Acute myeloid leukemia (AML) is a cancer of the myeloid line of blood cells, characterized by the rapid growth of abnormal white blood cells that accumulate in
the bone marrow and interfere with the production of normal blood cells. AML is the most common acute leukemia affecting adults, and its incidence increases with age. Patients with AML frequently have too many myeloblasts (often just called blasts), which are immature blood-forming cells that are not normally found in the blood. Therefore, a correct identification of these immature blasts on the blood is extremely important on the diagnosis of this disease.
Haematologists are highly skilled in the identification of the many different blood cell types in humans and in the animals used for medical research. Blood films from rat and mouse commonly show leukaemia which is a common disease of old age in these animals. Blood films from these animals often show immature and sometimes abnormal Blast cells, for which a clear, define image is critical for cell identification.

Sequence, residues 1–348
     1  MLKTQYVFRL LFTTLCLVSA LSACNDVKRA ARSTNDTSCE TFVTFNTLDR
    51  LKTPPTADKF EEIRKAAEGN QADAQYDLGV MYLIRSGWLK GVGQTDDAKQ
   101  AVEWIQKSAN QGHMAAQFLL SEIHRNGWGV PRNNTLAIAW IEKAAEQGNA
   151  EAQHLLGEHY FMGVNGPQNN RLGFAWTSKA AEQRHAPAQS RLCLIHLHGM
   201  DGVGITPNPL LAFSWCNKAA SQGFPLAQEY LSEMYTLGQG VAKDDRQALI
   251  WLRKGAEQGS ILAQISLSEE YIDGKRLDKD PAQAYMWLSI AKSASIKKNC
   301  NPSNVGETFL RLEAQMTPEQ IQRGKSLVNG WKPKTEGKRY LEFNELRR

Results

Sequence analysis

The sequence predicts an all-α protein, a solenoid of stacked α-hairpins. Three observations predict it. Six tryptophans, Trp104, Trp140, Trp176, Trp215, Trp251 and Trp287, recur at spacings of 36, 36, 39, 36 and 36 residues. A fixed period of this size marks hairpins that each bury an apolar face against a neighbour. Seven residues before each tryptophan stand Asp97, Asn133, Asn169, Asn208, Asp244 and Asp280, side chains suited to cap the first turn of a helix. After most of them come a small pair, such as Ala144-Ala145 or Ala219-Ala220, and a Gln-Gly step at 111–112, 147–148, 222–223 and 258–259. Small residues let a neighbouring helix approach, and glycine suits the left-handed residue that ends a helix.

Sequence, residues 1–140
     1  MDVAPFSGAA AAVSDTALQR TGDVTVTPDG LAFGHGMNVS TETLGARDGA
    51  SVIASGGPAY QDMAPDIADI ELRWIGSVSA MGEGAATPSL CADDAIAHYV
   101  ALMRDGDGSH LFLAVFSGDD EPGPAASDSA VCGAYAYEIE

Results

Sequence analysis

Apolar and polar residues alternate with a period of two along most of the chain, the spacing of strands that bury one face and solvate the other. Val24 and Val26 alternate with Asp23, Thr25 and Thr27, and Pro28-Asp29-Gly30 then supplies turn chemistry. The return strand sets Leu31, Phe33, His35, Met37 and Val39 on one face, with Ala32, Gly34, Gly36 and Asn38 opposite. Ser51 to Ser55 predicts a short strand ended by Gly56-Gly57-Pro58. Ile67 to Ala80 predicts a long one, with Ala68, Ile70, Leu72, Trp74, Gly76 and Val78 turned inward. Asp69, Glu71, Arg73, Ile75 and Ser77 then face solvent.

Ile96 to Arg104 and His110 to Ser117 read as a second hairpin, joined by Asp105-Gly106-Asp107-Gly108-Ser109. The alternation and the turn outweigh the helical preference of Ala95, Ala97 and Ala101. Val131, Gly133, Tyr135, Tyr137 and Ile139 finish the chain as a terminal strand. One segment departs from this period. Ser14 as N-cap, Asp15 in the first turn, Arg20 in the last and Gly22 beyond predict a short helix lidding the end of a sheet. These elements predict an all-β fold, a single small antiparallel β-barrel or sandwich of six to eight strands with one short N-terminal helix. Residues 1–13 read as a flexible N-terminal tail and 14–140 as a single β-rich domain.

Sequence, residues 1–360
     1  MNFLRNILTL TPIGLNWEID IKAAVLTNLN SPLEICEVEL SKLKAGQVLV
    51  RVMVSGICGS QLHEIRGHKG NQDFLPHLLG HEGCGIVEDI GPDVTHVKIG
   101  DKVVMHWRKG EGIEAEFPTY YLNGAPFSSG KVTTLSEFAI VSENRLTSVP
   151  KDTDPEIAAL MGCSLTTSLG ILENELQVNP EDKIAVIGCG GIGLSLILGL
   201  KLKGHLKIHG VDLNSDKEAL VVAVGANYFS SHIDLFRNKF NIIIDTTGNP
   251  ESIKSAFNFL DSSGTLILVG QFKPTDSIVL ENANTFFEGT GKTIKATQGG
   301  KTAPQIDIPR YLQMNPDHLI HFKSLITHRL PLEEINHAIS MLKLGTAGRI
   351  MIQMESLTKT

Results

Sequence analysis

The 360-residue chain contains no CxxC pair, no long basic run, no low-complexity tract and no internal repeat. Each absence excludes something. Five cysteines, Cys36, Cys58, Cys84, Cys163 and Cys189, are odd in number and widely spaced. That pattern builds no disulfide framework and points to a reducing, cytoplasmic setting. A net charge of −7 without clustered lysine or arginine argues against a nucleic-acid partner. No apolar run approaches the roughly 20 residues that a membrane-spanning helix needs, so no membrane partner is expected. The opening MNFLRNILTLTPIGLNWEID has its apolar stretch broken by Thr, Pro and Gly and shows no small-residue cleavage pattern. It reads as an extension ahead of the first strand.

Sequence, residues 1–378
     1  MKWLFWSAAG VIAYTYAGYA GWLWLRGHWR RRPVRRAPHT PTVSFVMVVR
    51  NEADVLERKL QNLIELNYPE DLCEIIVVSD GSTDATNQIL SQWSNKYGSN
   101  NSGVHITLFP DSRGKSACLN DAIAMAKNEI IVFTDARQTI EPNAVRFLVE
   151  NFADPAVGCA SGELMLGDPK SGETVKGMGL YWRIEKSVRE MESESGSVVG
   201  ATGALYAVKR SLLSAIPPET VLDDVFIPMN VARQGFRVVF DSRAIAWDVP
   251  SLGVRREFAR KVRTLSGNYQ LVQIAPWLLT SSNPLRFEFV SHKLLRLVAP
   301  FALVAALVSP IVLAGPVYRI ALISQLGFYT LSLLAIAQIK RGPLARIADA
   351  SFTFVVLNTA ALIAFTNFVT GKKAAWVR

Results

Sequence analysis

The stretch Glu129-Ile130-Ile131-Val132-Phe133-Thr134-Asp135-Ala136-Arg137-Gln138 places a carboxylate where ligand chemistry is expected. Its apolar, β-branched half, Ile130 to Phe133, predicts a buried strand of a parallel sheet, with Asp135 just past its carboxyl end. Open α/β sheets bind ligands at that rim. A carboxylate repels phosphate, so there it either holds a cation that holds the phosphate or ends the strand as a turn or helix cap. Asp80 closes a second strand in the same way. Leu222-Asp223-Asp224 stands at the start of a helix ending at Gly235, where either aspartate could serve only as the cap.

These images are from a blood film made from an EDTA blood sample taken from a leukaemic rat stained with the a standard May-Grunwald Giemsa stain. Leukaemic immature blast cells, with excellent definition of the granules and nucleoli, are easily identified.